>From: Spike Jones <firstname.lastname@example.org>
>I can think of only four references to cryonics in film/TV:
>1) Clarke's 2001
>2) 6 Million Dollar Woman
>3) Woody Allen's Sleeper
>4) Austin Powers
>Any others that come to mind? spike
Lots more, go to http://us.imdb.com/search, scroll down to the "Word Search"
option, select "Keyword" from the dropdown menu, and type in "Cryonics".
Also try "Cryogenics", as thats what people with a faint familiarity with
cryonics think its called.
Personally I would prefer that very few people sign up for it or take it
seriously for many reasons. One is that, as it becomes more widely known,
there will be wider opposition to it. The idea that we all have a certain
alloted time here, and that to want to live forever is unnatural, horrific,
and worst of all "selfish", is going to be deeply rooted in most people's
minds. I hope I'm the first person revived because unless there is a serious
change in most people's moral attitude about life (fingers crossed),
cryonics will be banned and agencies shut down soon after the first success.
The reason this isn't happening right now is because it's not taken
seriously. If someone with enough power started taking it more seriously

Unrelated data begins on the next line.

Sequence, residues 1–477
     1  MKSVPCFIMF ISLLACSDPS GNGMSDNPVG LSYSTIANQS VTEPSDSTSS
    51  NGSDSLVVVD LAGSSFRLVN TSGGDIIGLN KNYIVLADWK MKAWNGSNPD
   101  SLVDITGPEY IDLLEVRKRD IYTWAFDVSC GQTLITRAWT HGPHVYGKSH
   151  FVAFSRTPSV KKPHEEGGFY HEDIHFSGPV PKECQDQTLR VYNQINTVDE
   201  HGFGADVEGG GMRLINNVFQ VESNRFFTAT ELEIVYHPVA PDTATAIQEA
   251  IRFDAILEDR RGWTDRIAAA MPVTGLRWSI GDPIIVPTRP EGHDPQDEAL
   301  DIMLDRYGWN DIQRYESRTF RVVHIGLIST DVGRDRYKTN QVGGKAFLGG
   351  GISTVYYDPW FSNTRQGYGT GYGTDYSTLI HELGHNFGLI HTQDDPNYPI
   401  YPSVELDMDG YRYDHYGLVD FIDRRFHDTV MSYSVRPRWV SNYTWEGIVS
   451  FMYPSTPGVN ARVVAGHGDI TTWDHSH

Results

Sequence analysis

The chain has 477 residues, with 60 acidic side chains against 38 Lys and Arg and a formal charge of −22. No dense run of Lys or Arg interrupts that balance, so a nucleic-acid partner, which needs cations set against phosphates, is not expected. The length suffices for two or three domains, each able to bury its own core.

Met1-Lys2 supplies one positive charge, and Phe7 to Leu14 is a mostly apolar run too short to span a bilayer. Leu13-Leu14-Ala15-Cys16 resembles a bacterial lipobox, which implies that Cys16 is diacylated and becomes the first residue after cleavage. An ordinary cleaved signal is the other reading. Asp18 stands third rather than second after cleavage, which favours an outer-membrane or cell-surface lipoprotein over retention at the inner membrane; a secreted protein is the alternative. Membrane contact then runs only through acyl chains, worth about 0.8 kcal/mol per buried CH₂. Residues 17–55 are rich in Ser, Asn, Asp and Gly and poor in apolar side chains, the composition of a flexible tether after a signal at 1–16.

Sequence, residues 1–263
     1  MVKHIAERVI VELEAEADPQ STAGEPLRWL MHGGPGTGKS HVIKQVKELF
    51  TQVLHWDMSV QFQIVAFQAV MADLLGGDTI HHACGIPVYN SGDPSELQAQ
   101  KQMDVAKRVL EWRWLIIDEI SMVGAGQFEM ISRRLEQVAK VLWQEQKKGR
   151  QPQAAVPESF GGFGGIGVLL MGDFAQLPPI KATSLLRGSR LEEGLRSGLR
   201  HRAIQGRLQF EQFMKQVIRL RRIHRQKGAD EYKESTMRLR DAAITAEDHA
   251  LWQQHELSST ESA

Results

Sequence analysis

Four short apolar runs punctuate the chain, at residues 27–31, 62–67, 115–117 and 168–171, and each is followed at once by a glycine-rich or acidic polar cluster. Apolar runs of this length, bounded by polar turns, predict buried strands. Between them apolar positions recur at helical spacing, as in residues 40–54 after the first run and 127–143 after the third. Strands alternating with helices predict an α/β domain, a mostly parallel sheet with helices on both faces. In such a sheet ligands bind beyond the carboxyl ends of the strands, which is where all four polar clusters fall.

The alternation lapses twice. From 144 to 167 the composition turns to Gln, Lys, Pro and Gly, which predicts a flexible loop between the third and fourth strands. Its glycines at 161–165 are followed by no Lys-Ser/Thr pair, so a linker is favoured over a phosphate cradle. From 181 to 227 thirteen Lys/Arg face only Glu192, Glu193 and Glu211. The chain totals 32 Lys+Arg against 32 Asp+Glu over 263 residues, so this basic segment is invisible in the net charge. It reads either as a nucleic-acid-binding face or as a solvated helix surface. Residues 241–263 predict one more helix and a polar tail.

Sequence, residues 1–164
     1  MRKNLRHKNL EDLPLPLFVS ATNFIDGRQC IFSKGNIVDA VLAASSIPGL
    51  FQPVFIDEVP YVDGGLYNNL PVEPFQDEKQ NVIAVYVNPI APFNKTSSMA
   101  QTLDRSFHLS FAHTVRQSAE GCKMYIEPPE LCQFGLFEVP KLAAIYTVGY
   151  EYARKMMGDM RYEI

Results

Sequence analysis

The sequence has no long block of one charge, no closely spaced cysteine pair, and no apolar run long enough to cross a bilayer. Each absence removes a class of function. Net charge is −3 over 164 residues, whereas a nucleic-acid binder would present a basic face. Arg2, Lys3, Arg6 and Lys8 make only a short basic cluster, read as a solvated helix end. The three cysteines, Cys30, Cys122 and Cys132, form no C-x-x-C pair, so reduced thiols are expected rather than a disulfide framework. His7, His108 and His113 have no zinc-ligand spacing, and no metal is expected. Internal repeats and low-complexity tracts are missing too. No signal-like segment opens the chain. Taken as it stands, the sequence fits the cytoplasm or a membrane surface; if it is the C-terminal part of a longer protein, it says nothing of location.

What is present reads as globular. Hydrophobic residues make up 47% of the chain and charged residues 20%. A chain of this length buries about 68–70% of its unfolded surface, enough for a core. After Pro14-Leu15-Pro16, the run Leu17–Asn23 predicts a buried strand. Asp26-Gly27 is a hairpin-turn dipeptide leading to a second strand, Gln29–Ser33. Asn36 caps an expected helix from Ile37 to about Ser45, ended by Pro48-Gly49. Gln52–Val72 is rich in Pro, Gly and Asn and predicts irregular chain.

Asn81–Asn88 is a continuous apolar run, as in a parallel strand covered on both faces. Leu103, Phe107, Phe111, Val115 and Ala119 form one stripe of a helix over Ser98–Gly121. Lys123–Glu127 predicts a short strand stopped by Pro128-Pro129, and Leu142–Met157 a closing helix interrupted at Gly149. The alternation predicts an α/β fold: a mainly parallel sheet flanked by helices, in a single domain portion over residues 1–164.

then the public, then the agencies would be shut down under the pretense
that they're defrauding their members. The fact that the members are willing
participants and will vocally defend their right to be "defrauded" has never
seemed to make a difference in the legislation of other victimless crimes. I
tell people that I've signed up despite the fact that chances of my revival
are slim, because slim is better then nothing. And when I say the chances of
revival are slim, the scientific feasibility is the smallest part of the
barrier preventing it. They should do the first revivals in secret and do
them all at once.
When/if it is banned or fought against, a possible legal defense would be
that a ban would violate freedom of (from) religion. My partaking, and that
of others I assume, is very much tied to not having any religious beliefs
about an afterlife. To allow other practices which rely on the belief in a
supernatural afterlife, but disallow those that depend on belief in a
potential natural "afterlife", is religious discriminiation. Similarly to
the way that atheists and agnostics are allowed to be conscientious
The downside of low signups is that is results in less money coming in to
cryonics agencies, and also that there will be less research into revival
Zeb Haradon (email@example.com)
My personal webpage:
A movie I'm directing:
"What is this, some Three Stooges episode where everyone is armed with pies?
Bill Gates is supposed to walk through the airport with an armful of pies
so that he can stoop to the level of his attackers?" -Chris Russo
Get your FREE download of MSN Explorer at http://explorer.msn.com
This archive was generated by hypermail 2b30 : Mon May 28 2001 - 09:56:38 MDT